Poet Of The Week

Javier Zamora

     September 10–16, 2018

Javier Zamora was born in El Salvador and migrated to the US when he was nine. He holds a BA from the University of California–Berkeley, where he studied and taught in June Jordan’s Poetry for the People program. He earned an MFA from New York University and was recently a 2016–18 Wallace Stegner Fellow at Stanford University. Zamora has been granted fellowships from CantoMundo, Colgate University, MacDowell Artist Colony, the National Endowment for the Arts, the Poetry Foundation and Yaddo. The recipient of a 2017 Lannan Literary Fellowship, the 2017 Narrative Prize, and the 2016 Barnes and Noble Writer for Writers Award, Zamora’s poems appear in Granta, the Kenyon Review, Poetry, the New York Times and elsewhere. Unaccompanied (Copper Canyon, 2017) is his first collection. He lives in Cambridge, where he is a 2018–19 Radcliffe Institute Fellow at Harvard University. As part of the Brooklyn Book Festival on Sunday, September 16, Zamora will read for the Brooklyn Poets Reading Series at the Brooklyn Historical Society with Marwa Helal and Daniel Tobin.

Doctor’s Office First Week in This Country

it’s procedure to inspect
the ass of an immigrant kid

undress put this gown on
the doctor will be here soon

that first day after Sonoran Desert
I showered for hours when we got to parents’ apartment

Father showed me the way to turn the knob that first day
how things worked

I hadn’t seen him since I was one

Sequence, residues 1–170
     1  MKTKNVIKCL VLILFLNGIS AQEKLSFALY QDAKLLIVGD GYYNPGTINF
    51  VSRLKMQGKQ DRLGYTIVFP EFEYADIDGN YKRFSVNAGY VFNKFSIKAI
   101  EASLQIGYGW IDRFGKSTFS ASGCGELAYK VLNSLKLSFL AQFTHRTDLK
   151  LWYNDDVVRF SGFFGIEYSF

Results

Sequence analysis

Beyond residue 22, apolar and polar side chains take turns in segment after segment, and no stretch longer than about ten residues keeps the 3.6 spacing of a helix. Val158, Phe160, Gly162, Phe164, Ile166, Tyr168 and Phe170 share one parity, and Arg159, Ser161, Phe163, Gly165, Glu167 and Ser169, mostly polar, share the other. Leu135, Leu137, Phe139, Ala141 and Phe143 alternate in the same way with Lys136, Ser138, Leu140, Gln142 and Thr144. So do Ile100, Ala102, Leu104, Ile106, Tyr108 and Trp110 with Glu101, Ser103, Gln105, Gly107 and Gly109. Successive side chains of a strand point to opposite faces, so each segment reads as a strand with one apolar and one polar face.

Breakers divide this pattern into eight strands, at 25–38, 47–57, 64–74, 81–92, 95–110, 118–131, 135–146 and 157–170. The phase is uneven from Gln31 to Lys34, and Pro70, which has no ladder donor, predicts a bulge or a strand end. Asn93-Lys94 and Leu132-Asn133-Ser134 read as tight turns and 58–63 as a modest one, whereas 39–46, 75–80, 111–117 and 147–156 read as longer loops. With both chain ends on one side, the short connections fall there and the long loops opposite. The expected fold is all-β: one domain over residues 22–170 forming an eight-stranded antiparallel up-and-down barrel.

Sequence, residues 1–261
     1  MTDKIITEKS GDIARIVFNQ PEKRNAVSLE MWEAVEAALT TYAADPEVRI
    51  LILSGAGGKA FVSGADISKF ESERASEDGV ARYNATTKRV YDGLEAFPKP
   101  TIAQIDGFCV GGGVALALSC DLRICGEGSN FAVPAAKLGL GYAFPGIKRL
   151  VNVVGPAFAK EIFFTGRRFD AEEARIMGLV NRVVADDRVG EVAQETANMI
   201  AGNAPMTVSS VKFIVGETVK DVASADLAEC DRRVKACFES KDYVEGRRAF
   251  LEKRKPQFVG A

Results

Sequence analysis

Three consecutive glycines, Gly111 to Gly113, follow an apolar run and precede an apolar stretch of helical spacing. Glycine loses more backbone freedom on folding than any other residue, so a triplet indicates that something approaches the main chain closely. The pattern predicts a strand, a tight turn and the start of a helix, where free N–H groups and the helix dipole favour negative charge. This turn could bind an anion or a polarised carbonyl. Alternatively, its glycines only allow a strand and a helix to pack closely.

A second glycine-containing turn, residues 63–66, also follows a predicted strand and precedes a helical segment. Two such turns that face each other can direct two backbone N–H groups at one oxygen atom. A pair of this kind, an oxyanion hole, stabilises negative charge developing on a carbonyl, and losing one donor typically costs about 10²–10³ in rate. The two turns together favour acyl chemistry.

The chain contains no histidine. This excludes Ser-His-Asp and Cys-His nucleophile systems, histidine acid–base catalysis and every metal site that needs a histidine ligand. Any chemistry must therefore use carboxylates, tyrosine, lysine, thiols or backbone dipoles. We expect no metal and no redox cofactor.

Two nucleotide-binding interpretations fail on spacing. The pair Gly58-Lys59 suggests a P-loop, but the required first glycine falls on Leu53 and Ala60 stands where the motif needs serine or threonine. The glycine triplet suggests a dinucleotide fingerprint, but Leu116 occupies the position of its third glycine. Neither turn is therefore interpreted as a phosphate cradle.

I didn’t know him know him

this is how you make your pee-pee grow he said so it’s bigger so it’s
     the biggest
he said sometime that first month or that first year
pull I did
do it now
you’re young
it will work he said

did anything happen the doctor asked in front of my parents
then alone
did anything happen along the way in Spanish
all of this in Spanish
starting with es procedimiento

this is how you get hot water
twist then pull

I’d never used a sponge
soap-bar and hand was enough back there next to a well

I’d never seen a “shower”
parents said it that way in English chá-uer

that first “shower”
my dirt drew a dark rim around the linoleum

you will hear from us next week
I came back for all the necessary shots

I grew up across the street from a clinic
every kid cried

I came back I got shot I didn’t cry

I kept turning the wrong knob
even after Dad showed me

then Mom showed me
then we showered together

to make me comfortable with my own body again
with theirs
with anyone’s

it burned that first time
my skin
hot water
nothing happened

it burned
I’m sure
seguro que
nada pasó

—From Unaccompanied, Copper Canyon, 2017.

Tell us about the making of this poem.

This poem took a while to arrive at a version I was proud of. Reading Alejandro Zambra’s Ways of Going Home and Bonsai somehow unlocked the content and the form. This was one of the first poems in which I didn’t use any punctuation from the very first draft. The lack of punctuation allowed me to get into the content of the poem.

What are you working on right now?

I’ve had a long dry spell since my book came out. But I’ve been thinking a lot about what’s next. Right now, I’m in the very very early stages (still ninety-eight percent in my head) of a memoir. The intent is a memoir in verse. I’m sure it will change once I hit the desk.

What’s a good day for you?

A great day starts with a run, preferably outside. Then a first draft of a poem/essay written after one or two iced americanos. Then reading a book recommendation that’s actually surprising. Between these insert comfort food: medium-rare cheeseburger, pupusas, tacos, pizza, etc. Then, one or two tequilas shared with a loved one.

What brought you to Brooklyn?

Since I was in El Salvador, I always wanted to live in NYC. It had been a dream of mine. Having the opportunity to attend NYU for my MFA made that possible.

Tell us about your neighborhood in Brooklyn. How long did you live there? What did you like about it? How has it changed? How does it compare to other neighborhoods or places you’ve lived?